When we came to take down the other section of the old railings we thought we would bring in reinforcements, because we didn’t want to go through another 100 hack saw blades. So we called upon the Forestry team, and with no problems they just pulled the fence out with their forwarder. At the same time they brought along some spare timber to use as a revetment, which was backfilled with stone and soil.  

    The most time consuming part of the job was getting the uprights of the fence into place. To get it correct we had to get the uprights level in all dimensions, and to make sure that we were following the correct line. As seen in the picture above. Once they were level and upright we then added cement to secure them. When the uprights were all in the job became a bit easier and less stress free. The poles were then threaded through the uprights to complete the fence.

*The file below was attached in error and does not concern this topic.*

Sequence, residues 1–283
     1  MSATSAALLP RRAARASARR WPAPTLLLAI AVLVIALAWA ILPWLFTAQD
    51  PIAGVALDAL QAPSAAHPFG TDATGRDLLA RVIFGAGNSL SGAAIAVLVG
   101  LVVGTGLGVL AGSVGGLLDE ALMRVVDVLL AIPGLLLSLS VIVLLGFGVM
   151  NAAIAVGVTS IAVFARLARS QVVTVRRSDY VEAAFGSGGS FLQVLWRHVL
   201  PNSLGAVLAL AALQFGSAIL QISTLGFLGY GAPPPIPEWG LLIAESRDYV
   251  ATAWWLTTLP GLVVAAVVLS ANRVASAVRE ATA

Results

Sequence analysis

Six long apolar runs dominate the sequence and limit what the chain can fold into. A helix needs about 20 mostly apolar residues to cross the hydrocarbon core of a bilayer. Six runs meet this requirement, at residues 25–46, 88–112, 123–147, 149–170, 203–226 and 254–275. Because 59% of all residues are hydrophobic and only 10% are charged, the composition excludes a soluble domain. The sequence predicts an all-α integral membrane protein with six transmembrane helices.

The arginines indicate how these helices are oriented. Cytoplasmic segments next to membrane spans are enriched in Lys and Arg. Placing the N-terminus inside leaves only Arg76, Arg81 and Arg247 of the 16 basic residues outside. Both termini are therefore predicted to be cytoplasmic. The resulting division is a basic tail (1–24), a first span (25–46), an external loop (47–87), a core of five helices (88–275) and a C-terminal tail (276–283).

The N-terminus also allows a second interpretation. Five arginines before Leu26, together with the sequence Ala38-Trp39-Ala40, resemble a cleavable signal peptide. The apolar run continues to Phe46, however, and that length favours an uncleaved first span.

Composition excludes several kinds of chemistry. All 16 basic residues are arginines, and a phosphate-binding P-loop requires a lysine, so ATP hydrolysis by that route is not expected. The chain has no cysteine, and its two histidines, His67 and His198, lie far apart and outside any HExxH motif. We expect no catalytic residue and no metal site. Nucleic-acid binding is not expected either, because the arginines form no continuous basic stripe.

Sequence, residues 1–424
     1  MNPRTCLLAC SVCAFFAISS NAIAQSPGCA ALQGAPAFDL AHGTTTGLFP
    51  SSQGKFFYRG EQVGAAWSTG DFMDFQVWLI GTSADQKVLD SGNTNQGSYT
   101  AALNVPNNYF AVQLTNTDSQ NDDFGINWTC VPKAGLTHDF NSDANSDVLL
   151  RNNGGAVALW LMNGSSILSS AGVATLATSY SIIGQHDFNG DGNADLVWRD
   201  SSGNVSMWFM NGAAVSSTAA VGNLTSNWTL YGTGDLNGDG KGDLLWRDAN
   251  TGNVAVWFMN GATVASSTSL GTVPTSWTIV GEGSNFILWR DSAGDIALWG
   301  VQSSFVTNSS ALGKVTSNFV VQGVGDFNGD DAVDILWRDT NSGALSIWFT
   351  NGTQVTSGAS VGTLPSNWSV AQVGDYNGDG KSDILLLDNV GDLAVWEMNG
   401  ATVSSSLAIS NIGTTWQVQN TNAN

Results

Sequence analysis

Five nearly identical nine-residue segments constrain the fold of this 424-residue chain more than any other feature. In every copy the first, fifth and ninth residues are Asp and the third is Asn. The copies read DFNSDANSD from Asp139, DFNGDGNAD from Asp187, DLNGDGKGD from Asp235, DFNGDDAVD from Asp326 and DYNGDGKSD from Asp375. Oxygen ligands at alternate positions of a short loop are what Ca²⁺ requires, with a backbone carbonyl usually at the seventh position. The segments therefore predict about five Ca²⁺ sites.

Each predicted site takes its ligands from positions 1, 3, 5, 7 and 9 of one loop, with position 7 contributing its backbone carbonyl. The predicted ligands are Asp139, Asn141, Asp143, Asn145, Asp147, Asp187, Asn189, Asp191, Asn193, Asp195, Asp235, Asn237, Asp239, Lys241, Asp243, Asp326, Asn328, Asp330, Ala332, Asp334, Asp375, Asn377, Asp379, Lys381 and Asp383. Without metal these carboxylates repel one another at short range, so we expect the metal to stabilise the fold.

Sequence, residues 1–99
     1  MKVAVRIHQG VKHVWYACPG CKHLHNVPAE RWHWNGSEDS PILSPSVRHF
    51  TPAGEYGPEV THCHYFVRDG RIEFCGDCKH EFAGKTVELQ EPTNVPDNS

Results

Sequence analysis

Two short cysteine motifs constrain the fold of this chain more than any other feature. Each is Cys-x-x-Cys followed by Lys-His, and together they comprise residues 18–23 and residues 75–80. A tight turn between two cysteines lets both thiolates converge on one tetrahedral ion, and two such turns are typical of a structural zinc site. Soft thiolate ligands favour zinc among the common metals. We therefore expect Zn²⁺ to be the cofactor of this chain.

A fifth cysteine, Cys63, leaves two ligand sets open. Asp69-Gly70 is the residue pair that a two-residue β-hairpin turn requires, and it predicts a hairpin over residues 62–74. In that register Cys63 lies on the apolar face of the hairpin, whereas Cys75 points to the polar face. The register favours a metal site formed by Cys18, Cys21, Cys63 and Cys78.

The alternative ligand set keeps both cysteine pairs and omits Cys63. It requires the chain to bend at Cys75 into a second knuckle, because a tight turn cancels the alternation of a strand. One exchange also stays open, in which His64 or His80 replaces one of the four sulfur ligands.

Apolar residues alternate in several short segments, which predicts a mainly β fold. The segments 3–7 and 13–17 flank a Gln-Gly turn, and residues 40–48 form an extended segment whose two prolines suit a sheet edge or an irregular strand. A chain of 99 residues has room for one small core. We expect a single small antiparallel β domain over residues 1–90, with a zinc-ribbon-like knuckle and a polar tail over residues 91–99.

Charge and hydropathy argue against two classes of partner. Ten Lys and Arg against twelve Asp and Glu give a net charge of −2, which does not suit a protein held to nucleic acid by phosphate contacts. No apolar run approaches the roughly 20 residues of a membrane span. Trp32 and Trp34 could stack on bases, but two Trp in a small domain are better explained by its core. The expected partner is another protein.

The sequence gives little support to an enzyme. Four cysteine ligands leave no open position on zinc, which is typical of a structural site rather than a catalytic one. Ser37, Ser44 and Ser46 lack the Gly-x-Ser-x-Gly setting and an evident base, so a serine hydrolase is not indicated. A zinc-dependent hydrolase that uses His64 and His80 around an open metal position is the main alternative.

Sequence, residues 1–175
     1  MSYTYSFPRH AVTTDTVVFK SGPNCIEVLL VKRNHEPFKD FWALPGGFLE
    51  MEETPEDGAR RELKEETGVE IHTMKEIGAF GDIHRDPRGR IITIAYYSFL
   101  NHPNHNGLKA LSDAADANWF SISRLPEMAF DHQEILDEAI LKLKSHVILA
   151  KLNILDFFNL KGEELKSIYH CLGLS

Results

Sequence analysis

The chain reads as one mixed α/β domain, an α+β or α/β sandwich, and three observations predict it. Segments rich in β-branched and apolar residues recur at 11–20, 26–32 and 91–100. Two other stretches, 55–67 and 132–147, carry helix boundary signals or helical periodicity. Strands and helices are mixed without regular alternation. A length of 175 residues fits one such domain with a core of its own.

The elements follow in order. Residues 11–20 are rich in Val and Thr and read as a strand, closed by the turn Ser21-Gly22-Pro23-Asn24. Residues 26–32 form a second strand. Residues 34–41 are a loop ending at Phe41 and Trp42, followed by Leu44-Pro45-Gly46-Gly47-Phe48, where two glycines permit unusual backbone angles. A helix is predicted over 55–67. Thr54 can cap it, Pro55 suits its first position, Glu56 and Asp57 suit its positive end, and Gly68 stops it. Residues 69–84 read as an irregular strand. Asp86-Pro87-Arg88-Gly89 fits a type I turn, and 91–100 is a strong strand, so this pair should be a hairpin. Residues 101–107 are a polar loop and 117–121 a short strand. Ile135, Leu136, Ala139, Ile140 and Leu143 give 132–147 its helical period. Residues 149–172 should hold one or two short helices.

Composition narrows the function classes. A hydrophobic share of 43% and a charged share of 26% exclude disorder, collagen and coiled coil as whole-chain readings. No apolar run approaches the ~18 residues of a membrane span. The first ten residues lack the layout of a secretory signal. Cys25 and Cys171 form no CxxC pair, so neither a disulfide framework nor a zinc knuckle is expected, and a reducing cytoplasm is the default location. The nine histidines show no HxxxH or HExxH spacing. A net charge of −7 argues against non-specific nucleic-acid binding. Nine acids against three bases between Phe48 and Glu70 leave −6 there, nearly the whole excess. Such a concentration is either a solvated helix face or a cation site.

News from Joe Cornforth

Photo of Joe Cornforth

The Lake District is a truly inspirational place with breathtaking scenery wherever you turn… and it has been my playground all my life.
I am the upland ranger in North West lakes, covering Borrowdale, Buttermere, and Ennerdale. I am responsible for supervising volunteer groups, repairing and maintaining over thirty six paths and also helping in the valley (walling, hedging, fencing etc). “How lucky you are” is a very regular comment as walkers pass our work sites. It does not always feel that way though, when you are wet through and battered by the winds, it feels like hard work! Yet still, I am blessed to work in such a beautiful place helping to conserve the local heritage I love.